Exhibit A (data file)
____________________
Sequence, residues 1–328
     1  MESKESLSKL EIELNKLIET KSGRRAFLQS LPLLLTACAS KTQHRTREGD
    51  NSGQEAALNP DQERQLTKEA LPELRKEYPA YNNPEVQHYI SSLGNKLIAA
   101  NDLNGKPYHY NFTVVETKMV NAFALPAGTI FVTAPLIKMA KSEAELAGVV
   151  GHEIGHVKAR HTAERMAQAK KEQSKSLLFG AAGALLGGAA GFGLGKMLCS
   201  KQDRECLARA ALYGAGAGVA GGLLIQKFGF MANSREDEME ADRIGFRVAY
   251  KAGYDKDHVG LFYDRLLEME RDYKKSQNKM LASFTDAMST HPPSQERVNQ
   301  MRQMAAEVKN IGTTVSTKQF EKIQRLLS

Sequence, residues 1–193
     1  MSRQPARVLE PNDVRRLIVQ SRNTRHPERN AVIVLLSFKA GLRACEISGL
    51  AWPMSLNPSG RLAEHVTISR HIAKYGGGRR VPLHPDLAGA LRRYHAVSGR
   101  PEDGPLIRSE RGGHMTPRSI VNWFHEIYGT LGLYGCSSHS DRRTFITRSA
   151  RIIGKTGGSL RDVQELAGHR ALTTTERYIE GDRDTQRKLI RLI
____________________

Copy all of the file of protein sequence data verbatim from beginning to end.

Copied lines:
Sequence, residues 1–328
     1  MESKESLSKL EIELNKLIET KSGRRAFLQS LPLLLTACAS KTQHRTREGD
    51  NSGQEAALNP DQERQLTKEA LPELRKEYPA YNNPEVQHYI SSLGNKLIAA
   101  NDLNGKPYHY NFTVVETKMV NAFALPAGTI FVTAPLIKMA KSEAELAGVV
   151  GHEIGHVKAR HTAERMAQAK KEQSKSLLFG AAGALLGGAA GFGLGKMLCS
   201  KQDRECLARA ALYGAGAGVA GGLLIQKFGF MANSREDEME ADRIGFRVAY
   251  KAGYDKDHVG LFYDRLLEME RDYKKSQNKM LASFTDAMST HPPSQERVNQ
   301  MRQMAAEVKN IGTTVSTKQF EKIQRLLS

Sequence, residues 1–193
     1  MSRQPARVLE PNDVRRLIVQ SRNTRHPERN AVIVLLSFKA GLRACEISGL
    51  AWPMSLNPSG RLAEHVTISR HIAKYGGGRR VPLHPDLAGA LRRYHAVSGR
   101  PEDGPLIRSE RGGHMTPRSI VNWFHEIYGT LGLYGCSSHS DRRTFITRSA
   151  RIIGKTGGSL RDVQELAGHR ALTTTERYIE GDRDTQRKLI RLI